Sociology, Sociological Theory, Philosophy of Science, Philosophy of Social Sciences, Epistemology, Futurology, Social Anthropology, Formal Logic, Social Psychology, Teaching, Philology (concerned with historical developments of languages), Philosophy of Language (concerned with conceptual rather than empirical investigations), Semiotics (concerned with broader cultural sign processes (not only languages)), Cognitive Sciences, Linguistic Anthropology, Communication Studies, Hermeneutics.
Linguistics can be said to be a social science. “Sociology would certainly have progressed much further if it had everywhere followed the lead of the linguists. ...” (Marcel Mauss). If anything, the scientific rigour acquired in linguistics is further than in other social sciences. Linguistics and Social Anthropology are also close cousins. Linear theory and kinship studies have cross-pollinated with linguistics.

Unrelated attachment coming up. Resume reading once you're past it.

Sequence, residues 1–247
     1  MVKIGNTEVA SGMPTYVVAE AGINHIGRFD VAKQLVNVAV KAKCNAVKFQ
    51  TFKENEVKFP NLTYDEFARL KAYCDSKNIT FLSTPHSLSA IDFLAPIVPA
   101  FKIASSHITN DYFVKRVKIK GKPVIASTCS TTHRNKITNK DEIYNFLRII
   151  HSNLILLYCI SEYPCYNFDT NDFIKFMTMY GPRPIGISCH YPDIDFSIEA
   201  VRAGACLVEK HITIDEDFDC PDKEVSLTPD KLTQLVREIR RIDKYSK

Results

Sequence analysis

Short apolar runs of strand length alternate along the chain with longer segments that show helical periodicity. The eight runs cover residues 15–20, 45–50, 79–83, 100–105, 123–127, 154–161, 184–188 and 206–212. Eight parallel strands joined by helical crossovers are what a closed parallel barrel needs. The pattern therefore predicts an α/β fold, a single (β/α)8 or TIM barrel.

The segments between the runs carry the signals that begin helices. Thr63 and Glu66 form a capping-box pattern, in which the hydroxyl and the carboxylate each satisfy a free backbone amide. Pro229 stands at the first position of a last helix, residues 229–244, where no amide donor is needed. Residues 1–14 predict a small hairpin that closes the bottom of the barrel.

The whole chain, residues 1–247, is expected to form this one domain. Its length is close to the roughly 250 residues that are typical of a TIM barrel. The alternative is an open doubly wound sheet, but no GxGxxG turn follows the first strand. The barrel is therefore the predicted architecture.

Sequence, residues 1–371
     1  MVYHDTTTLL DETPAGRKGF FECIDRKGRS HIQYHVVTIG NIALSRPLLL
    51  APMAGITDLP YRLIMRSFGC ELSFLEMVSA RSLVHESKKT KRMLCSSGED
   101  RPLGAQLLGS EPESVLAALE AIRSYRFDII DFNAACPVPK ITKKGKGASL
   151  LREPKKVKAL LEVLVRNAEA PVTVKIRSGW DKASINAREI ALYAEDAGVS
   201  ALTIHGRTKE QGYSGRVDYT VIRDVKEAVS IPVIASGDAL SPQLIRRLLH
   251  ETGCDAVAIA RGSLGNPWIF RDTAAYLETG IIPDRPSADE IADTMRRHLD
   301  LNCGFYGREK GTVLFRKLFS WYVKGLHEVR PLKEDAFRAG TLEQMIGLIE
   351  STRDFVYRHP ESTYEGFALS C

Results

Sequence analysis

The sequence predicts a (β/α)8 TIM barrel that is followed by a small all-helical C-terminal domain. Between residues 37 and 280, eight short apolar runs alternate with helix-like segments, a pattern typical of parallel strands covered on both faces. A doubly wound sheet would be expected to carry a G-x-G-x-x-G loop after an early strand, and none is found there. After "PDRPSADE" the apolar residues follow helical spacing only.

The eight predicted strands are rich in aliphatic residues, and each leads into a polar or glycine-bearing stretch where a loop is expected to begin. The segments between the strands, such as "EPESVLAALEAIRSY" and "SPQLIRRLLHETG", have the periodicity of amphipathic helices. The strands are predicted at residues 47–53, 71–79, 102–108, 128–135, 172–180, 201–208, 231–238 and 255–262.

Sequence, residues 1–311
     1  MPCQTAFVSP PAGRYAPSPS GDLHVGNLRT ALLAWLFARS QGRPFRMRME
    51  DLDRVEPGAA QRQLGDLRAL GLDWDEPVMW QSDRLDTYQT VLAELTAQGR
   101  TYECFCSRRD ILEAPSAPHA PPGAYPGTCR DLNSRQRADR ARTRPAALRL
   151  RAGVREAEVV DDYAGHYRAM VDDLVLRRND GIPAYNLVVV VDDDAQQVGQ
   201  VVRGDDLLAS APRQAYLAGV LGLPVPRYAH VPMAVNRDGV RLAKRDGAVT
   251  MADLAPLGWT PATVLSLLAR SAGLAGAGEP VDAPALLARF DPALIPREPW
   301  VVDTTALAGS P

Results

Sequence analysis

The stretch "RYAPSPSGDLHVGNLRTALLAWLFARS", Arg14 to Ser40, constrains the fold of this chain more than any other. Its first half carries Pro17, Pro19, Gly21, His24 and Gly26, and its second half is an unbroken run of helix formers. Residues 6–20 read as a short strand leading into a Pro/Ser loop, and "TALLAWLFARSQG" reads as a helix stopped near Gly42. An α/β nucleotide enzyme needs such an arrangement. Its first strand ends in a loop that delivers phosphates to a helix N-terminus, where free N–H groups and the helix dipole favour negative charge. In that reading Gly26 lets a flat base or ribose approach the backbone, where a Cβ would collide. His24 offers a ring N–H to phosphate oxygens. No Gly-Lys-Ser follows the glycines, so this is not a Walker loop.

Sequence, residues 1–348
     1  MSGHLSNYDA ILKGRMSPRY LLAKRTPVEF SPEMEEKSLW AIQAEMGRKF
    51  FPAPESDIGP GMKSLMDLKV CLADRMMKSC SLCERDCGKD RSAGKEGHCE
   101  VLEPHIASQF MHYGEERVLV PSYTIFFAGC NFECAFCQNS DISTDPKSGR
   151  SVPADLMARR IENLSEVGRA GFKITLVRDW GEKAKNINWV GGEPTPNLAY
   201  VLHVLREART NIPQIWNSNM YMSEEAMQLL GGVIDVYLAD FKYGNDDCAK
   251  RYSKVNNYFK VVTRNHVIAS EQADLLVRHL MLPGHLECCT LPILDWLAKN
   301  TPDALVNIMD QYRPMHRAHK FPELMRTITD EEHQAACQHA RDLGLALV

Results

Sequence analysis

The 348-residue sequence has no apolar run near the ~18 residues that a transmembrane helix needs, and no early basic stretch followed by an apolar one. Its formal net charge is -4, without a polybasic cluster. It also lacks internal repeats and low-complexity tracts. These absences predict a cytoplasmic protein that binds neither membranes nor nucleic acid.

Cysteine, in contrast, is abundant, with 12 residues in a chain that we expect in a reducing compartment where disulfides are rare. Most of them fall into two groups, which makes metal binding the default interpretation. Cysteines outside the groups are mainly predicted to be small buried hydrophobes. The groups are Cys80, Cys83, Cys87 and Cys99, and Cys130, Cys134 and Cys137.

Contemporary linguistic fields: Phonology, Morphology, Syntax (studies the internal structure of language. Syntax cares about when a string of words is a grammatical sentence, but it doesn’t care at all what the sentence means. There are two parts to syntax, phonetics, which examines how words are built up out of simple sounds, and grammar, which looks at how sentences are built up out of words), Semantics (study of meaning, looks outside the internal structure of language to ask what the sentences mean. It looks at the connections between the expressions of a language and the things or states of affairs that those expressions are about. It asks what an expression refers to and what would make a sentence true.), Pragmatics (Semantics still leaves people out of the picture. It asks what object a word refers to, without taking account of the people who use the word to refer to the object. To discuss the relation between language, the community of people who use the language, and the things they use the language to talk about is the province of pragmatics. Pragmatics pays particular attention to words like “this,” “that,” “here,” and “now,” which refer to different things on different occasions."), Sociolinguistics, Discourse Analysis.